18. 228. Oxford University Press S. P.) Essay in Indian Proto-History. Bagchi—Eminent Indian Sakta Centre in Eastern India. 2.1915. Bhairavi. Lannoy—The Speaking Tree. 23. 489f. 1979.-1. P. III-123. 215ff. B.OHRJ. These ten goddesses are known as Dasamahavidya such as Kali. 162-163. . 1980. 28. Benoytosh Bhattacharya—The Indian Buddhist Iconography. 1970–72. According to Kubjika Tantra. D. 1987. N. Dhumavati. Lannoy—op. K. cit. 1991 D. Deo—Mahurjhari Excavation. 1979. M. Henceforth. Kunti Kumudini Kulla Kurukulla Karalika Kameswari Kamamata Kamatapa Vimochani (Sahasranam) 24. G. 34. Matangi and Kamala etc. Agrawal and D. 19. Vol. M. 1968 R. Dhavalikar—Early Farming cultures of the Deccan.) Giridarsi. Tara. Janssen—On the Origin and Development of the Lajja-Gauri SAA.. Devi Parvati cut off her own head and nourished her attendants. P. 2. K. Vol. Gupta—Some interesting plaques of Lajja-Gauri from Paunar in A. 1979-80. 14. 10. Mukhapadhyay—Terracotta from Bhita. Essays on Indology (Dr. Elwin—Kingdom of the Young. 25. XLVII. 116-117. Tantrik texts further describe the circumstances of the emanation of Devi Chhirnamasta. XXIII. 26. Sankalia—The Nude Goddess in India Art. Bhubaneswari. Calcutta. P. 1971 61 13.-33. 49. 1978 (Marathi. 15. Sodasi. P. 74–94. Delhi. 21. 30. P. Ramesh (Eds. 22. K. 461. India and South-Eastern Asia. Parvati came to be known as Chhirnamasta. Delhi. M. 17. S. H. Calcutta C. P. 11. 33. Poona) J. cit. Bombay J. Marshall (Ed. Sankini and Dankini by the blood that issued out from her throat. D. 1971. Desai—op. Artibus Asia. 12. Chhirnamasta. Poona As enumerated in Chandisaptasti section of Markandeya Purana. 2 9.-1. Nagapur H. Artibus Asia. No. XXXIV. 19. Dhere—Lajja-Gauri. Indica. 1956 H. Dhavalikar—op. 2. 1911-12.)—Mohenjodaro and the Indus Civilization. V. 52. Chakravarti (Eds. 29. P. 31. When the later refused her to attain the sacrifice of Daksaprajapati (Father of Parvati-Sati). P. Dhavalikar—Environment : Its influence on History and Culture in Western India. 41-42. Also. S. Sankalia—The Nude Goddess or Shameless Women in Western Asia. S. Narasimha and K. 1975 V. Bombay S. Vagala. K. XXXI. Marshall—Excavation at Bhita. K. 4–10 R. see also S. Vol. P. Stella Kramrisch—An image of Aditi-Uttanapada. ARASI. XIX. G. 259. Dasgupta—Aspects of Indian Religious Thought. 1968 S. 1975. 1996. 72. 1931. 1977 F. V. 1956 Calcutta. P. Desai—Erotic Sculptures of India. 20. J. Fig. Oxford University Press. Dikhit felicitation volume). 27. Calcutta. 1972. C. 36. B. D. 41-42. cit. 247-48. D. London M. Banerjee—Development of Hindu Iconography. Marg. 259–270. P. 1968. 15. Devi Parvati alias Sati transformed herself into Ten Goddesses in order to frightening Siva. A. Artibus Asia. Calcutta R. Dange—Vedic concept of field and the Devine Fructification. 16.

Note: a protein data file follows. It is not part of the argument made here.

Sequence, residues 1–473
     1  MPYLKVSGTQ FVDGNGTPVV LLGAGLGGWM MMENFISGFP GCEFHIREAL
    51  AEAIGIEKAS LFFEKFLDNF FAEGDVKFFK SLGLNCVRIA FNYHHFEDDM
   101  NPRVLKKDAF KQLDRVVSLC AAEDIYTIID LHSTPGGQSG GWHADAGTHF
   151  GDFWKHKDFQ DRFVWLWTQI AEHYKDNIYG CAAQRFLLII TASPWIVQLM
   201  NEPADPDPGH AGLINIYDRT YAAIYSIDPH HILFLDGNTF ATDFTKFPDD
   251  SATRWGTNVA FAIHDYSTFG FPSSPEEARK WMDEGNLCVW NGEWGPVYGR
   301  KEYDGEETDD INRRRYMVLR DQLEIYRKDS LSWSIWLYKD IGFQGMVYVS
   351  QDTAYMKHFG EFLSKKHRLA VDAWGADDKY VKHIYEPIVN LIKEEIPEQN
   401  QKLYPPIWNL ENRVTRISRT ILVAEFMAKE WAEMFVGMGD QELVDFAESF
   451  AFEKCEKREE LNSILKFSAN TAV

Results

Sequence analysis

where the portrait of Laksmi is shown as seated on Lion. S. Orissa Historical Research Journal. Calcutta S. That Durga and Laksmi although appears distinct yet they had common source of origin or the goddesses are the different manifestation of a single Universal Mother Goddess is appear from Mahabharata. H.—The recent evidence from Padri in Gujarat– East and West. P.OHRJ. 48. Kaumari. I. 464. 56. N. 1970. P. 38. Shinde—The Earliest temple of Lajja-Gauri. cit. 44. 306. No. Radcliffe Bolon—Forms of the Goddess Lajja-Gauri in Indian Art. 6) at least since the later-Vedic period. Janssen—op. 47. H. 33. 2 32. 55. 1980 S. 53. XLVII. 37. 42. Indica. Mahesari. 217. cit. Ibid Ibid Ibid. L. 120–123. P. P. 35. 43. Dasgupta op. 32. 51–56. 18. 45. Dhavalikar—op. V. 113 Ibid P. P. 6 (No date). cit. No. 54. P. G. P. J. Gonda—Aspect of Early Visnuism. Vol. cit. F. K. Their close affinity however is discerned from the Gupta Coin. H. P. Tattwananda (Trans & Ed) Sri Chandi.) Dimensions of Indian Art. B. P. they are closely associated with Siva and are treated as the aspects of the Great Mother ( See S. 49. 112–117. 1991 C. P-44-45. Varahi. London) so. Deo—Forgotten Forts of Kalahandi. F. Delhi Ibid M. cit. 46. 464. Fig. Vaisnavi. M. K. 50. 481–485. 191. 14 D. Tattwananda–op. Chandra and J. 120–123 Markandeya Purana–91. M. M. 1957)-F. Vol. 162. cit. at one time Durga was also conceived as vegetation Goddess. cit. Wilkins—Hindu Mythology. 1900. Desai—op. 44. Vol. P. 1992 Ibid C.-1. 45. M. 4. Part-II. Jain (Eds. Radcliffe Bolon—A late 8th century Matrika set at Aihole. Bagchi–op. Sometimes. Sankhayana Grihasutra 11. Delhi. 464. K. 3. 1975 J. Janssen–op. P. 34. Dhavalikar—Environment : It’s influence on History and Culture in Western India. . P. 1991. 43. C. S. 51. 2. 1996. Indrani and Chamunda. P. 57. 112-113 Ibid. the vehicle of Goddess Durga (See A. P. cit. 52. Also see F. P. 62 40. 33. P. Bhubaneswar. XVI. P. 70-71. 36. 1992. Mumbai. P. 39. cit. 1979-80 Ibid Sakambari is also an epithet of Goddess Durga (W. 23). P. P. P. P. 58. Altekar catalogue of Gupta gold coins in the Bayana Hoard. The Divine Mothers (Matrikas) are generally Seven in numbers like—Brahmani. Janssen—op. which appends Durga Stotra (Mahabharata-IV. Radcliffe Bolon—op. 41. 1968.